By the time the nineteenth century was well underway, bat and ball games were played with regularity throughout North America. Known variously as ‘town ball’, ‘round-ball’ and ‘base-ball’, they bore similarities to the sport that baseball would later become. One of the major moments in the development of the game came about in 1845 with the formation of the ‘Knickerbocker Rules’. Codified by a member of the Knickerbocker Club called Alexander Cartwright, the rules forbade certain practices common in the street games and allowed the use of a smaller ball than previous. Though not all of the rules were the same as those that would be locked-in for baseball – you had to bowl underhand, for example – there were enough similar ones for historians to believe that that was the moment that the game of baseball developed out of.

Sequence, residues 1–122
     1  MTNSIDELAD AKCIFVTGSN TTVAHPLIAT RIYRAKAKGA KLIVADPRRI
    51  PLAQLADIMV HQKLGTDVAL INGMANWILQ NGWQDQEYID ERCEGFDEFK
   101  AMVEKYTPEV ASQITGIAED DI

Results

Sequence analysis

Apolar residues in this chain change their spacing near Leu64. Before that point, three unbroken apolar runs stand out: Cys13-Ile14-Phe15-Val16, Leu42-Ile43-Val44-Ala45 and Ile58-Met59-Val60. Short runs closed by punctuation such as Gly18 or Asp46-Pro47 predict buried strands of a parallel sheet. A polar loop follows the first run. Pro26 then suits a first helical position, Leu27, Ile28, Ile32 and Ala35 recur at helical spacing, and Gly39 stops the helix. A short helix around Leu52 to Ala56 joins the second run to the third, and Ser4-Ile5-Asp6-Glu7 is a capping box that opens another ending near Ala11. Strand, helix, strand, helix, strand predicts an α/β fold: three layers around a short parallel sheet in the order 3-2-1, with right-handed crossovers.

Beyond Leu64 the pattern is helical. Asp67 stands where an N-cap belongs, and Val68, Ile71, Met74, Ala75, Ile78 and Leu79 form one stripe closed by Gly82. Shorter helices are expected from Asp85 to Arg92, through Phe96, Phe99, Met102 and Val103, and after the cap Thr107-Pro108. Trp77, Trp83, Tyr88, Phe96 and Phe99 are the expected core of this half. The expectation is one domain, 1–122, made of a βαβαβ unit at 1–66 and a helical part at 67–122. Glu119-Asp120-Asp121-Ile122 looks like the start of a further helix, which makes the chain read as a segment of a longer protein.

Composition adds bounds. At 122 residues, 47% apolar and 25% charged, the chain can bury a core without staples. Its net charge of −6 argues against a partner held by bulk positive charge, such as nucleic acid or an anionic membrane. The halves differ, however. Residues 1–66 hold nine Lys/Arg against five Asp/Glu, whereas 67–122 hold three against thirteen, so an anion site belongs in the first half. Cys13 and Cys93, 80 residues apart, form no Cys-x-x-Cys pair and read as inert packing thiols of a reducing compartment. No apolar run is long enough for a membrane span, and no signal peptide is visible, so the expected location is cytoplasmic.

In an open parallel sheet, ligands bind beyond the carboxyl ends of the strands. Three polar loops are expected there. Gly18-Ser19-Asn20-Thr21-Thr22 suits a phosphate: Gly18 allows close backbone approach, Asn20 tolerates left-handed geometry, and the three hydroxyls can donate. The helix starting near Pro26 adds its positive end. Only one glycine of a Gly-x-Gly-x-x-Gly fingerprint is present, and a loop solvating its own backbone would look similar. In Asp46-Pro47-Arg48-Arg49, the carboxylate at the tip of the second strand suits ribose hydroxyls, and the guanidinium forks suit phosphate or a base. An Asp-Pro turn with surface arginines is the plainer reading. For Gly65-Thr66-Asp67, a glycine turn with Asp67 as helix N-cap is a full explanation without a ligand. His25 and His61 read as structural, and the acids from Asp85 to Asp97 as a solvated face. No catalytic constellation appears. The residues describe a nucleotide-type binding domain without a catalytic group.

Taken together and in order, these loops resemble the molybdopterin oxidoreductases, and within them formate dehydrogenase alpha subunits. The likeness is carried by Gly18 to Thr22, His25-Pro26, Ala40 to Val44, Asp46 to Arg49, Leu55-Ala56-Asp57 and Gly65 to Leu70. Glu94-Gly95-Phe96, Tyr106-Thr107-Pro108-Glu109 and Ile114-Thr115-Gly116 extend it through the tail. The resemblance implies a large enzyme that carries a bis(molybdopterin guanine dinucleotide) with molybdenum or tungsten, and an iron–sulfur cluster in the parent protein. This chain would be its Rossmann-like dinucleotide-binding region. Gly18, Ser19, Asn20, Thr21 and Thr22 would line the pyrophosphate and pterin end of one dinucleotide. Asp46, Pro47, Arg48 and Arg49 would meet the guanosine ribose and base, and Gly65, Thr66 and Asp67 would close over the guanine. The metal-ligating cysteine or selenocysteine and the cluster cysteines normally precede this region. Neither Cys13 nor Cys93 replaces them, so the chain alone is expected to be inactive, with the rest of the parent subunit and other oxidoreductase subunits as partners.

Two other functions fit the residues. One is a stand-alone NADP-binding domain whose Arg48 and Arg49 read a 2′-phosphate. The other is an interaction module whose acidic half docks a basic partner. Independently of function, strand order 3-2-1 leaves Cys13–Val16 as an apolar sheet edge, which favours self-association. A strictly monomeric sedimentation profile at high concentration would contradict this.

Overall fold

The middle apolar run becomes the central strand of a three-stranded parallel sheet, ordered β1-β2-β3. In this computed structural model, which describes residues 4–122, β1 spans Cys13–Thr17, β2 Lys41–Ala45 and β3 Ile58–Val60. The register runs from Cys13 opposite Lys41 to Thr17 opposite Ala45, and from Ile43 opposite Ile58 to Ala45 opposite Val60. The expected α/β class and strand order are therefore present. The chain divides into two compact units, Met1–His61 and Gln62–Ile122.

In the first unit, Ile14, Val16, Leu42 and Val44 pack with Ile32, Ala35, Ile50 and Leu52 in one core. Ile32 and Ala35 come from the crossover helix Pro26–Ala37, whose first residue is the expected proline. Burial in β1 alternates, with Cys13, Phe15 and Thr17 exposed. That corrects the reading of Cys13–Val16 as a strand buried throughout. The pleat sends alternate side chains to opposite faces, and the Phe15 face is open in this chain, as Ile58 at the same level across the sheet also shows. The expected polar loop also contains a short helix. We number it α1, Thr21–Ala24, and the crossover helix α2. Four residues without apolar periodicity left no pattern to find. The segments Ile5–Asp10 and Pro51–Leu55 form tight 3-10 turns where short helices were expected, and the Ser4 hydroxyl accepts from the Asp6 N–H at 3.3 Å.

Whatever the truth of the matter is, it’s widely accepted that the first game of baseball as a game similar to the one we now know took place in June of 1846, with the Knickerbockers losing to the New York Nine. Over the following twenty years or so, baseball clubs began to spring up all over the place. In 1857 the National Association of Base Ball Players became the sport’s first governing body of any sort. In the half a century that followed, those Knickerbocker Rules were altered, changed and refined until the sport became the modern one you’ll watch if you head to a baseball ground. As a result, numerous different leagues were formed, the oldest of which is the National League that was founded 1876. It would be untrue to suggest that all of the leagues saw eye-to-eye, especially as some of them specifically forbade black players from taking part. This culminated in the forming of the World Series in 1903.
How To Play Baseball and Rules Of The Game